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Understanding Trap Mechanism and Enhancing Oil Production by Integration of Seismic Methods — “A Multidisciplinary Approach” (A Case Study of Dabka Field)

Rajendra P. Sharma
Ankleshwar Asset, OIl & Natural Gas corporation, Ankleshwar, India

Exploration/ development planning is an integral part of reservoir management and aims at maximizing the value of producing property, and its success depends on the integrated model created by combining the ideas of Geologists, Geophysicists, Reservoir Engineers and Production Engineers. Integration of deep seismic studies will play a key role in this area, to get the exact spatial location on seismic data, including various factors affecting drilling, the right target depth, in right direction. Assets have sufficient well, petrophysical, reservoir and production data and integrating with the available seismic methods, it help in understanding the geological complexities and in turn in enhancing production and even in extending the asset boundaries.

This paper demonstrates the effectiveness of this methodology through case study of producing reservoirs in Dabka field within sub layers of Hazad sands, which are thin and discrete in nature, by using 3-D Seismic data for micro-analysis of geological complexities, including generation of various fault pattern, understanding the trap mechanism, hydrocarbon migration and distribution.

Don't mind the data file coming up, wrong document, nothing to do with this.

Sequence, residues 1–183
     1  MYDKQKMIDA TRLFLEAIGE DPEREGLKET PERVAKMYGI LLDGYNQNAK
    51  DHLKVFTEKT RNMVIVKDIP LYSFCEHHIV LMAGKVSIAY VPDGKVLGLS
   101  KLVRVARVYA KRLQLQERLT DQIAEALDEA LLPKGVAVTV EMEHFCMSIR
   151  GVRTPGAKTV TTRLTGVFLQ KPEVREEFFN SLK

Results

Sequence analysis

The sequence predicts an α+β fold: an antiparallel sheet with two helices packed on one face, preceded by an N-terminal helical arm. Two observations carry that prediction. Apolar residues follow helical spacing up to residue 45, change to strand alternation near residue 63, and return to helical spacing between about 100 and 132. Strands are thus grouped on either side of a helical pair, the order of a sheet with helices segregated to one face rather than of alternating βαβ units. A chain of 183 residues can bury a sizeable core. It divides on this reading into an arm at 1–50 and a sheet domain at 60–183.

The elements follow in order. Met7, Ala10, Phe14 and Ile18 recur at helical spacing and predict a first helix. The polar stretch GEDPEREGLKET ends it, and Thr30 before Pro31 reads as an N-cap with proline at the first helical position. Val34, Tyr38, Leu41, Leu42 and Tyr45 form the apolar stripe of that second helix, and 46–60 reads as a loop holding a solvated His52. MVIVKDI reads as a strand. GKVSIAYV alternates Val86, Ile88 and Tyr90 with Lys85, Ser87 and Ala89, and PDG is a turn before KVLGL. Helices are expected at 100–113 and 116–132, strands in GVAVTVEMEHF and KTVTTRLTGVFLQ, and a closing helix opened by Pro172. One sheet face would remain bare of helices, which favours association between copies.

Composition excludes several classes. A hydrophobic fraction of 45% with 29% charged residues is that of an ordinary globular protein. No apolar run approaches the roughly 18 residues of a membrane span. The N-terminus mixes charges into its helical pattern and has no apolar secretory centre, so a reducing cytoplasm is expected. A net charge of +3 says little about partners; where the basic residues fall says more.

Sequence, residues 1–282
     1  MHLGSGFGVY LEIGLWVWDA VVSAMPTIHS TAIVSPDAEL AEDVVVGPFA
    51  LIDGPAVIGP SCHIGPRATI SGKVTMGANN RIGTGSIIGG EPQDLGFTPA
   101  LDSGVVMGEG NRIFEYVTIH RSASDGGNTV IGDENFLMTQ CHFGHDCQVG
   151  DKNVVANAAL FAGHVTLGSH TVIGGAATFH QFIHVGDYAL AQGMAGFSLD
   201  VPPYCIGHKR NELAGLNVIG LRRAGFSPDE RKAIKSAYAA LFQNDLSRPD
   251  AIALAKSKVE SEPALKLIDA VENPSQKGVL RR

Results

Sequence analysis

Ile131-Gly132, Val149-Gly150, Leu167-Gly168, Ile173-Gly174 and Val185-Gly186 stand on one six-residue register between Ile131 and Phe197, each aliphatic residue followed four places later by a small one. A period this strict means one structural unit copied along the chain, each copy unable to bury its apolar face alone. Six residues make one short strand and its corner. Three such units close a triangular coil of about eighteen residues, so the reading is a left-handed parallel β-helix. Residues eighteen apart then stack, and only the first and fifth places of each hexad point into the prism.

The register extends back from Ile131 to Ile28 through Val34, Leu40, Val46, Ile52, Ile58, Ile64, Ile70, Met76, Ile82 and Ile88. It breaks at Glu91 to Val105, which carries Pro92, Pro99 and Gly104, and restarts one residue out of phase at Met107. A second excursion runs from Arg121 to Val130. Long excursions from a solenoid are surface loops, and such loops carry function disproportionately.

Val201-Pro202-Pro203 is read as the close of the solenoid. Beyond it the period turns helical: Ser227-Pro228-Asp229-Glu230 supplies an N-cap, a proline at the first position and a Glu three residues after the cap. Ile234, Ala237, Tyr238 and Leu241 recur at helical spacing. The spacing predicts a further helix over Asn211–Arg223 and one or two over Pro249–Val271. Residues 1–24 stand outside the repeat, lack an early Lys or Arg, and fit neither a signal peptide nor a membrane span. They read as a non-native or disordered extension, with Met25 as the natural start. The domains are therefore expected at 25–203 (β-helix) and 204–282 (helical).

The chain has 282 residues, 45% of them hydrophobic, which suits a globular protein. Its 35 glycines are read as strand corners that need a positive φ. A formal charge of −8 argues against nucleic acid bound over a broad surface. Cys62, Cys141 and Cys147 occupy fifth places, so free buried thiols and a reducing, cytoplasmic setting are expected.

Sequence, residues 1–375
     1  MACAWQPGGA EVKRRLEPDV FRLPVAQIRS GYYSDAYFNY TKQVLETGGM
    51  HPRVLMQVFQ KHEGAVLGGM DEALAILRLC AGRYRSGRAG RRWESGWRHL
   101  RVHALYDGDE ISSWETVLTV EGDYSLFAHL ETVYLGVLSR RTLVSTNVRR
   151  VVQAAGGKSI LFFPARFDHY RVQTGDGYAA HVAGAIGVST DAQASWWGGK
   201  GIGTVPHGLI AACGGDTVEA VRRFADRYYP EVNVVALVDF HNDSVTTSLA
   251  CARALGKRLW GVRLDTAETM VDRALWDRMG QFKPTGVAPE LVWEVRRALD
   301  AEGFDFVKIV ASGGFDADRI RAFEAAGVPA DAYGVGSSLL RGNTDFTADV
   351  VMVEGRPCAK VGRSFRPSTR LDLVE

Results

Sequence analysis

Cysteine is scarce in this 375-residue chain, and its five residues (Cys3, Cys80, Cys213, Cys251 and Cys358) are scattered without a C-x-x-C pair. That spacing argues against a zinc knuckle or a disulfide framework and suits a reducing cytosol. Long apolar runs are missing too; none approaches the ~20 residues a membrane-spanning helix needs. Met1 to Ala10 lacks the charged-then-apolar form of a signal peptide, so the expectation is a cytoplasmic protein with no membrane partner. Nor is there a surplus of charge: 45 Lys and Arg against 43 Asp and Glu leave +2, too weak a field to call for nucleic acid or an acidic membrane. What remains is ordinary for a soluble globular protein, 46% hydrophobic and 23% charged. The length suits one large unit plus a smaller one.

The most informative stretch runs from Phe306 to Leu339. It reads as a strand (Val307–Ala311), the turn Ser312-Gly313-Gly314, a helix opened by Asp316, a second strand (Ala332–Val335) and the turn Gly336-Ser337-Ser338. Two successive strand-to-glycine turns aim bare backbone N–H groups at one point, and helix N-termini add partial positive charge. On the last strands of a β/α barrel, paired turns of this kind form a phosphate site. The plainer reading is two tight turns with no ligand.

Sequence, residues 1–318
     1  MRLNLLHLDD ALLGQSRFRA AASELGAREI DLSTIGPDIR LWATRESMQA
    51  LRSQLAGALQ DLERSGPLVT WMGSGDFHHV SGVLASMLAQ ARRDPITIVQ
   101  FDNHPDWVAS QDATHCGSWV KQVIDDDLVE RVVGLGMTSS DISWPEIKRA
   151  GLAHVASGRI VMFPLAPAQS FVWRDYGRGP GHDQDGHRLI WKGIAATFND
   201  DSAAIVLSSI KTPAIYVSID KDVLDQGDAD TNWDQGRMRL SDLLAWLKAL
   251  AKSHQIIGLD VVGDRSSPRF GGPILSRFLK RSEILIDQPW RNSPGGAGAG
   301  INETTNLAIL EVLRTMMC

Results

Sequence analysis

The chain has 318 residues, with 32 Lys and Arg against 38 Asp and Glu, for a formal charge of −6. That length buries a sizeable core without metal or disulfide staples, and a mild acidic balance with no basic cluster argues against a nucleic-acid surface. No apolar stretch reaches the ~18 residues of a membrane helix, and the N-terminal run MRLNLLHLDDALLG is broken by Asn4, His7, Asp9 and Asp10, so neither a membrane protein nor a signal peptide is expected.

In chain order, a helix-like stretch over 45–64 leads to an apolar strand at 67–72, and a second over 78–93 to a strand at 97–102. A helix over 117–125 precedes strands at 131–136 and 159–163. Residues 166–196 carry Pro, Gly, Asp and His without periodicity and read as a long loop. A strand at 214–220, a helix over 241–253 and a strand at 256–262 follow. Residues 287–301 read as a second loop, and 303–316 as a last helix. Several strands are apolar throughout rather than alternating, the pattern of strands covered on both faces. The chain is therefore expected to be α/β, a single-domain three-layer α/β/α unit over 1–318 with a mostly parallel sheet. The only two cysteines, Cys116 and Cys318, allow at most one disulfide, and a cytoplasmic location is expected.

To enrich these factors, mosaic of time and horizon slices are generated and studied critically in an interval of very small time. Paleo- structural analysis method is also applied on seismic sections. The method reveals that the area has been subjected to polyphase deformation. A major fault (Gajera fault) to the west of this field plays a key role in hydrocarbon migration towards the Dabka field as its throw varies along its length from negligible to as much as 30 to 40 meters or even more, forming various fault closures in hanging wall side, where hydrocarbons trapped. Dabka field is situated on the positive inversions created by other N-S bounding younger faults, existing in the foot -wall side of this fault, and hydrocarbon are trapped on structure or fault closures, on the way where Gajera fault shows negligible amount of throw, while the Wells falling on the way where Gajera fault has sufficient amount of throw, are devoid of hydrocarbons.

Sedimentary architecture, and lithology prediction which were subsequently used to predict new prospective areas, refine the drilling plan of various locations. Based on this study, recently drilled development wells have enhanced the production from this old field.